The Wedding Guidebook



you deserve incredible wedding photos.

That’s exactly why I’ve put together this wedding guide. We’ll cover everything from getting ready locations to family portraits to reception lighting so you can feel confident that you’re setting up your wedding for success.


Allie + Colton | Kristen Giles Photography - 006.jpg

Getting ready photos are easily some of my favorite moments of elopement and wedding days. There’s so much sweet anticipation in the air and I’ve captured some of the most beautiful moments in those morning hours long before guests arrive!

However, these moments can be easily be overshadowed by an overly cluttered bridal suite and not-so-ideal lighting conditions. Here’s a few things to consider when choosing a location and prepping for my arrival on your wedding day!

Kaitlyn + Blaine| Kristen Giles Photography - 004.jpg
2018-10-27-Jennifer + Phillip-287.jpg

Cleanliness: Those beautiful, emotion-filled moments on the morning of a wedding day can be a little less beautiful with fast food leftovers, gym bags and a pile of shoes in the background. When it comes to making the most of your getting ready photos, it’s important that your getting ready location is as clean as possible when I arrive! Please make sure bags, shoes, garbage and general clutter is put away in order to provide a clean space for your photos.

Lighting: The first thing I’ll do when I arrive in the morning (besides all the hugs, of course), is turn off all the lights in the space you’re getting ready. This may seem counterintuitive, especially if you’re getting ready in a dark room. However, working with the cleanest lighting possible will make your photos turn out best! This means no orangey hues from lamps and room lighting. Choosing a location with lots of windows and natural light will be best.

HMUA: While I’ll likely arrive when your hair and makeup artists are putting the finishing touches on your gorgeous self, it’s important you provide a space with lots of natural light for them to work! If not, they’ll need to use an additional lighting source that can take away from the lovely even lighting of your getting ready space. If it’s absolutely necessary for them to work with an additional lighting source, I’ll request they turn it off for just a few minutes for prep photos. I’d recommend setting them up by a window so we’ll all get the lighting we need!

Room aesthetic: When it comes to a getting ready space, lots of windows and natural light is most important! Clean decor and white or light walls are also ideal, but as long as I have natural light to work with, almost any space will do! If you’re not able to find a space that’s clean with natural light, you may consider bringing your dress to the ceremony location, renting out a space such as an airbnb, or you could always get ready outdoors! It sounds crazy, but once you have your dress on, you could do finishing touches outdoors with gorgeous natural lighting. Room aesthetic is equally important both for the bride as well as the groom, so don’t forget about the guys when choosing a getting ready space!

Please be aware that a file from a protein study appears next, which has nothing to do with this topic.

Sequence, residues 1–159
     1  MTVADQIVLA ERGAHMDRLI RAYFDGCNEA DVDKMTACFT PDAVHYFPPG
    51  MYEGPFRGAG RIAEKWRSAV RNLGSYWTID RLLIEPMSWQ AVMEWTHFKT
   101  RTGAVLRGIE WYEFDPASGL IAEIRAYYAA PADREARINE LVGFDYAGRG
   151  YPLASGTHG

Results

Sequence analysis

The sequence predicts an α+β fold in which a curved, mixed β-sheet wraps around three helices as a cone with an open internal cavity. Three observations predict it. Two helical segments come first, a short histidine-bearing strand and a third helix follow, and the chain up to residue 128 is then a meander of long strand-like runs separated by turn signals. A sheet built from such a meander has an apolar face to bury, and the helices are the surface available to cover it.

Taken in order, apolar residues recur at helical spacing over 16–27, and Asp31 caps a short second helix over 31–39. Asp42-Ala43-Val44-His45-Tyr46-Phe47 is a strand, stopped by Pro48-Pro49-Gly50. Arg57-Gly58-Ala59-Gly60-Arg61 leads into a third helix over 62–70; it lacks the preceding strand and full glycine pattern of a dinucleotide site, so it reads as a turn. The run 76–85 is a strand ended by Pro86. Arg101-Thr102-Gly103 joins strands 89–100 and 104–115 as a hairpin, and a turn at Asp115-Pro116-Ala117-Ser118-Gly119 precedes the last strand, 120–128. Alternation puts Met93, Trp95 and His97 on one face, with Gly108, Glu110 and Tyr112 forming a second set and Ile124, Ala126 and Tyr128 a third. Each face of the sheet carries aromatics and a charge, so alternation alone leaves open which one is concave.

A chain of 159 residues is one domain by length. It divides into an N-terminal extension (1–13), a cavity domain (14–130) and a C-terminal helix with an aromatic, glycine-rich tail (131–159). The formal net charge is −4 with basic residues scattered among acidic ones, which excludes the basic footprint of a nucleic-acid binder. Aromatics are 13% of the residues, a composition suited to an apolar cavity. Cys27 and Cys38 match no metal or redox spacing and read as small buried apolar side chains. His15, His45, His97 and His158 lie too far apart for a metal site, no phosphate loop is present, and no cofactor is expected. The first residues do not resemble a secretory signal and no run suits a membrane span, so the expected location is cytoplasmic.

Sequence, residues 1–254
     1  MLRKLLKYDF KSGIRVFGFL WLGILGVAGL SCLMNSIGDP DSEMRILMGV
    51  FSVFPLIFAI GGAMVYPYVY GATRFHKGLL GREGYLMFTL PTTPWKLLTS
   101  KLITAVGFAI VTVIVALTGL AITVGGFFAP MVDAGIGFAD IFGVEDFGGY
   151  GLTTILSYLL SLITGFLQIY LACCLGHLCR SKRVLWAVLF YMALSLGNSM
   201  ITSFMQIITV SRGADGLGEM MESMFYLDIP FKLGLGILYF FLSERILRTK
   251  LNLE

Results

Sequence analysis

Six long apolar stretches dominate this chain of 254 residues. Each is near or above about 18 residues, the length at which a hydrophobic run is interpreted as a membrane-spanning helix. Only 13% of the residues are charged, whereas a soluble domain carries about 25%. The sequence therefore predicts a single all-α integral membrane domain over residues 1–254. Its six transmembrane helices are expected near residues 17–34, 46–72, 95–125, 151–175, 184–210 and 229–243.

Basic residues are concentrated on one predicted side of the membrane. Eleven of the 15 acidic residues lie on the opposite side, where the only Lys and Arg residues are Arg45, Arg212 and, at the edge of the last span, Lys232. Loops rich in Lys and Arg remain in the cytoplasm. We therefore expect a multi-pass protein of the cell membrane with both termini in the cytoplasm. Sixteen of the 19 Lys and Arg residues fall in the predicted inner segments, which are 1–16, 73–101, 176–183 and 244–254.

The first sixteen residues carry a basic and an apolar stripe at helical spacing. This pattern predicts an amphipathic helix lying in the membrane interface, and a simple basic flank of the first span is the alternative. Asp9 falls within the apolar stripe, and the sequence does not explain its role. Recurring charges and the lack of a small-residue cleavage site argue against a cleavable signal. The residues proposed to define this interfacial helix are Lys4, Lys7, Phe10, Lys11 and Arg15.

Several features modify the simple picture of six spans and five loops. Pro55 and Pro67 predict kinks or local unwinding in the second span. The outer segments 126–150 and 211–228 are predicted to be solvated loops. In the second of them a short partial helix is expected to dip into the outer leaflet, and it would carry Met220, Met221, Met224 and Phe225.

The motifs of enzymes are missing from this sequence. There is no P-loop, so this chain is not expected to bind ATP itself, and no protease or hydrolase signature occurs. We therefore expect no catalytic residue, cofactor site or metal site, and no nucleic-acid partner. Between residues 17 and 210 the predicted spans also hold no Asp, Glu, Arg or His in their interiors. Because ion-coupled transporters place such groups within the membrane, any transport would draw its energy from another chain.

Consider getting ready together: Some of the sweetest moments I’ve captured on wedding and elopement days are when a bride and groom chose to get ready together the morning of their wedding. Her tying his bowtie, him zipping up her dress. Sharing all the laughs and excited anticipation of the day. Just the two of you in a beautiful space preparing to commit your lives together.

Details: While most of my work emphasizes the relationships and moments on your wedding day, we don’t want to leave out all the pretty details that help tell the story of your day. When I arrive where you gals are getting ready, it would be great to have some of those special touches ready for me! You definitely don’t need to have a slew of details, but having some loose florals, the rings, an invitation or anything else you’d like documented ready will make it easy for me to capture the details along with all the excitement of the morning.

TIMELINE: 90 minutes


Michelle + Aron | Kristen Giles Photography - 013.jpg

A first look gives you and your love a chance to see each other in a private, intimate setting before the ceremony.

Many photographers will push first looks. While I prefer my couples do a first look for the reasons below, I will NEVER persuade you otherwise if you feel strongly about seeing your fiance for the first time during the ceremony. However, I highly recommend considering a first look for the following reasons:

2018-12-22-Michelle + Aron-0174.jpg
Kaitlyn + Blaine| Kristen Giles Photography - 004.jpg
2018-11-16-Allie + Colton-1866.jpg

It takes the pressure off. There’s often a LOT of nerves going into your ceremony. I believe much of that is the anticipation of seeing your soon-to-be spouse for the first time! But if you have a chance to see them for the first time in a quiet, intimate setting before the ceremony, chances are you’ll be MUCH more relaxed when ceremony time comes!

You’ll have better photos. While I do love the groom reaction shots while a bride walks down the aisle, it’s far less intimate than a first look and we aren’t able to capture the emotion as well as if you took some time aside for the two of you! It’s also a lot harder to take in the moment for yourselves when there’s dozens of people watching you!

It frees up your timeline. Yep! Usually after a first look, we’ll do family photos prior to the ceremony. This means you won’t have to spend time doing family photos after all the excitement of the ceremony and you’ll be able to spend even more time with family and friends during cocktail hour and the reception! We’ll still grab you for sunset portraits at some point depending on when your ceremony is, but more time at the reception is a win for everyone!